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J. bio-sci.

14: 107-112, 2006 ISSN 1023-8654

INSECTICIDAL ACTIVITY OF ANNONA SQUAMOSA L. SEED EXTRACTS


AGAINST THE RED FLOUR BEETLE, TRIBOLIUM CASTANEUM (HERBST)
M Khalequzzaman* and Shajia Sultana
Institute of Biological Sciences, University of Rajshahi, Rajshahi 6205, Bangladesh
Abstract
Insecticidal activity of the seed extracts of custard apple, Annona squamosa L. in petroleum spirit, ethyl
acetate, acetone and methanol against Raj, CR 1, FSS II and CTC-12 strains of the red flour beetle,
Tribolium castaneum (Herbst) was studied. The seeds were dried, powdered and extracted in Soxhlet`s
apparatus in the solvents below 60°C. Extractions were applied on larvae and adult beetles in film-
residue methods and mortality was recorded after 24 h. For larval bioassay the highest toxicity was
recorded for petroleum spirit extract (LD50= 0.03µg cm-2) in Raj strain and the lowest toxicity was for
methanol extract (LD50=15.697µg cm-2) in FSS II strain. In adults petroleum spirit extract offered highest
toxicity (LD50= 58.697µg cm-2) in CTC 12 strain and the lowest toxicity (LD50=22004.710µg cm-2) was for
acetone extract in CR 1 strain. LD50, 95% confidence limits and regression equations are presented.

Key words: Tribolium castaneum, Annona squamosa, custard apple, LD50.


Introduction
The insecticidal and acaricidal properties of a number of plants have been discovered long ago, and some of
the plants can compete with synthetic means of control (Hedin and Hollingworth 1997). Especially
remarkable are tropical plants, from which hundreds of products of secondary metabolism with insecticidal
properties have been extracted (Hiiesaar et al. 2001). They are environmentally less harmful than synthetic
pesticides and acting in many insects in different ways.
Custard apple (Annona squamosa L.) extracts have shown promise for pest control against a range of insect
pests. Laboratory and field tests showed that extracts from custard apple kernels were effective against crop
pests like spotted stem borer, Chilo partellus (Swin.); leafhopper, Nilaparvata lugens (Stal.), Spodoptera
litura (Fab.), S. frugiperda, Helicoverpa armigera (Hubner), hairy caterpillar, Spilosoma obliqua (Wk.); Brinjal
spotted leaf beetle, Henosepilachna vigintioctopunctata (Fabr.); cotton boll worm, Dysdercus koenigii (Fab.);
semi-looper Achaea janata Linn. and Aphids (Saito et al. 1989, Rao et al. 1990, Bhagawan et al. 1992,
Ghatak and Bhusan 1995b, Hiremath et al. 1997, Bhatnagar and Sharma 1997, Mathew et al. 1999, Raman
et al. 2000, Sonkamble et al. 2000, Bhuiyan et al. 2001).
Among stored grain pests, extracts of custard apple was tested on Callosobruchus chinensis Linn. (Tripathy
et al. 2001, Kotkar et al. 2002, Misra 2000); C. analis (Juneja and Patel 1994); C. maculatus (Dharmasena et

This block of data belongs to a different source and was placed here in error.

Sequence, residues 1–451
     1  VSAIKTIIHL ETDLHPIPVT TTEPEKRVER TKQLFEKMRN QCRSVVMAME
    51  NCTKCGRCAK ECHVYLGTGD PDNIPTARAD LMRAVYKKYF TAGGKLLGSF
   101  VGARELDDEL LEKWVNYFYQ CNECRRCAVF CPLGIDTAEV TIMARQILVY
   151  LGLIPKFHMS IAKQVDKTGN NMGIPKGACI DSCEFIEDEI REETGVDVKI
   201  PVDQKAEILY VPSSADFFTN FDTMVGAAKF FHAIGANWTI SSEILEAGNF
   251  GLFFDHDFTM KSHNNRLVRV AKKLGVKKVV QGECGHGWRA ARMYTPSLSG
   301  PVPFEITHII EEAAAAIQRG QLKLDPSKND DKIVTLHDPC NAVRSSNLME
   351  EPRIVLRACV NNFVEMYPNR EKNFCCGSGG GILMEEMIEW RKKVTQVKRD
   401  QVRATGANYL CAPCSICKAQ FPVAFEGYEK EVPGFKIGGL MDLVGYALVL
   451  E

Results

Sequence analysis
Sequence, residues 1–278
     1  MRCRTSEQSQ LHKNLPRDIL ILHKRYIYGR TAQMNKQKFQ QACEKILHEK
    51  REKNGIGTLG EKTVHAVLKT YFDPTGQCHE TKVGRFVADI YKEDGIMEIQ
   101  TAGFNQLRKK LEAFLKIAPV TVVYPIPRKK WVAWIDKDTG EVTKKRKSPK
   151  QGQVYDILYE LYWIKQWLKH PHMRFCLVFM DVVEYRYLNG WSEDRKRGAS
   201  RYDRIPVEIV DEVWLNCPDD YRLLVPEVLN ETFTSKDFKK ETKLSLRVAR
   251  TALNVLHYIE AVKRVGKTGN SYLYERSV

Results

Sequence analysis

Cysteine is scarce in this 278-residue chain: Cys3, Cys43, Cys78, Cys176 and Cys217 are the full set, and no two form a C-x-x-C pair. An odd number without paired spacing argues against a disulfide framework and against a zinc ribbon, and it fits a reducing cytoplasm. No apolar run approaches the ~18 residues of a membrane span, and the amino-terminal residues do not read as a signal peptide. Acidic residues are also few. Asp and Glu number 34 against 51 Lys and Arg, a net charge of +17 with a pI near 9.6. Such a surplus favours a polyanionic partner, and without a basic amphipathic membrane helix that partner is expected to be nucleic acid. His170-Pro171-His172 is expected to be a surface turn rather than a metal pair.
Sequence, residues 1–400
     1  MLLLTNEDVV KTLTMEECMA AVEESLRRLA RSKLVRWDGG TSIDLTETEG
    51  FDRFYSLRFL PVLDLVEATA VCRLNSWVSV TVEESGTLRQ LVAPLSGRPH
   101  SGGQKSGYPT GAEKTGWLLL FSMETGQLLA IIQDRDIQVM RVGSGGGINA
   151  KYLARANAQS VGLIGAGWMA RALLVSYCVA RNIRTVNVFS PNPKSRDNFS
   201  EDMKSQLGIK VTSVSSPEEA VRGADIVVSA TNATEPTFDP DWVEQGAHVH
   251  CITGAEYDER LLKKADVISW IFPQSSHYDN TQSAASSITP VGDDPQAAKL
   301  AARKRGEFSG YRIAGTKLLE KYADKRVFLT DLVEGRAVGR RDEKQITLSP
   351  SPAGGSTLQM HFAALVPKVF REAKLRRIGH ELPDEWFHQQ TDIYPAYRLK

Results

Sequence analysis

al. 2001); Rhizopertha dominica Fab. (Patel and Valand 1994), Sitophilus oryzae (L.) (Mishra et al. 1992),
Tribolium castaneum (Herbst) (Malek and Wilkins 1994,1995, Hussain et al. 1995) and Corcyra cephalonica
Staint. (Ghatak and Bhusan 1995a).
Published reports shows that the previous works on T. castaneum was done only on feeding deterrence or
on the larvicidal effects. These promising attributes led to evaluate the potential use of A. squamosa seed
against T. castaneum .

* To whom all correspondence should be addressed.


Materials and Methods
Test insect: Four strains of T. castaneum viz. Raj, CR 1, FSS II and CTC-12 were collected from the Crop
Protection and Toxicology Laboratory, Rajshahi University, where the stocks were maintained since 1990.
Raj strain was originally collected from flour mills at Rajshahi, Bangladesh and other three strains were
collected from Crop Protection Lab., Department of Agriculture and Environmental Science, University of
Newcastle upon Tyne, U K. Mass cultures were maintained in glass jars (1000ml) and subcultures were in
beakers (500ml) with food medium and kept in an incubator at 30±0.5°C. A standard mixture of whole-wheat
flour with powdered dry yeast in a ratio of 19:1 was used as food medium throughout the experimental
period.
Seed extractions: During 2002 custard apple ripe fruits were procured from local market of Rajshahi, and
seeds were separated from them after washing with tape water. Seeds were dried in shade and crushed in a
hand grinder. Extractions were done in a Soxhlet`s apparatus with four solvents using the process described
by Feuerhake and Schmutterer (1982) below 60°C. The solvents were petroleum spirit, ethyl acetate,
acetone and methanol used serially on the same stock of seeds. After completing extraction, the mixed
solvent was removed from the extract with a vacuum rotary evaporator.
Mortality tests: Film residue method (Busvine 1971) was used to test the mortality of the larvae and adults
of T. castaneum. The extracted materials were weighed and dissolved in acetone for dosing. For larval
bioassay the experiments were done in glass vials (10 ml, 2.7 mm dia.) in which 0.2 ml of each dose was
dropped and air-dried. Then 2.0g of food was added and ten first instar larvae were released in each vial in
four replicates for each dose. A control batch was maintained with the same number of larvae. The doses for
all strains were similar and they were 48.530, 4.853, 0.485 and 0.048 µg cm−2 for petroleum spirit extract,
61.080, 6.108, 0.610 and 0.061 µg cm−2 for ethyl acetate extract, 41.63, 4.163, 0.416 and 0.041 µg cm−2 for
acetonic extract, and 26.04, 2.604, 0.260 and 0.026 µg cm−2 for methanolic extracts.
Adult bioassays were done in petri dishes (90 mm). One ml of each dose was dropped separately, covering
uniformly the whole area of the petri dish. After air dried four plastic rings (30 mm diam) were placed inside
the petri dish and 10 adult beetles were released within each ring. The rings within the petri dish were served
as replications. The doses were chosen after an ad-hoc bioassay done before the actual experiments. The
doses for Raj, FSS II and CTC-12 strains were similar and they were 4367.99, 436.79, 43.68 and 4.37 µg
cm−2 for petroleum spirit extract; 5497.95, 549.80, 54.98 and 5.50 µg cm−2 for ethyl acetate extract, 3746.64,
374.66, 37.47 and 3.75 µg cm−2 for acetone extract; and 2343.98, 234.40, 23.44 and 2.34 µg cm−2 for
methanol extract. In case of CR 1 strain the doses were 10060.30, 1006.03, 100.60 and 10.06 µg cm−2;
14147.52, 1414.75, 141.48 and 14.15 µg cm−2; 12268.60, 1226.86, 122.69 and 12.27 µg cm−2; and it was
3109.08, 310.91, 31.09 and 3.11µg cm−2 in the same orders of extractions respectively.
Larval and adult mortality was recorded after 24 h of treatment. The mortality percentage was corrected
using Abbott`s formula (Abbott 1925). The observed data was subjected to probit analysis (Finney 1947,
Busvine 1971).
Results
The calculated LD50, 95% confidence limits and regression equations are presented in Table 1. In larval
bioassay the LD50 of petroleum spirit extract of seed is 0.031, 0.024, 0.045 and 0.069 µg cm-2 for Raj, CR1,